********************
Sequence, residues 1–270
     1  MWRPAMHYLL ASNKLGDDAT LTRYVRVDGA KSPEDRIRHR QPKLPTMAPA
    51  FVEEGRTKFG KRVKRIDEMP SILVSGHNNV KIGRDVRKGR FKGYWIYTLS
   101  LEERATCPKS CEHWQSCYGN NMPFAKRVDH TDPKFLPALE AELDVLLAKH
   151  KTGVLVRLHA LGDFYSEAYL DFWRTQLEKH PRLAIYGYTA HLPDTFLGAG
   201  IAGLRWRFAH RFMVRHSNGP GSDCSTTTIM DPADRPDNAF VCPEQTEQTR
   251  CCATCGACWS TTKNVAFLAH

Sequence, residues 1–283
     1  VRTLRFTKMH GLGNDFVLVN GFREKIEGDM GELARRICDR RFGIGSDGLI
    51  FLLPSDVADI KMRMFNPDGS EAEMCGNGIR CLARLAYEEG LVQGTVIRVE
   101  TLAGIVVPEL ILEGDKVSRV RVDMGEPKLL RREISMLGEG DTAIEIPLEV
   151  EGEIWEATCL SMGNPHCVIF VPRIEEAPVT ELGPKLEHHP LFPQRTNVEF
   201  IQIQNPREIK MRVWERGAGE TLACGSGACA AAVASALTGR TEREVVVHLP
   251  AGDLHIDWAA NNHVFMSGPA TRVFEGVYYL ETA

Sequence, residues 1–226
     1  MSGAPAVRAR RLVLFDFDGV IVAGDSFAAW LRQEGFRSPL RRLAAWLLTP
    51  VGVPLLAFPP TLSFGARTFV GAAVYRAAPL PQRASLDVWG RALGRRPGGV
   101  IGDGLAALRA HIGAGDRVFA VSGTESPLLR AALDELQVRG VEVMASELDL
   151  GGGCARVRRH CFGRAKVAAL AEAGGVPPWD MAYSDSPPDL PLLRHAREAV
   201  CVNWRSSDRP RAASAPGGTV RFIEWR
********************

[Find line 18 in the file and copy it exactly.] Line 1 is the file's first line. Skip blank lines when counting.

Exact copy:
   101  IGDGLAALRA HIGAGDRVFA VSGTESPLLR AALDELQVRG VEVMASELDL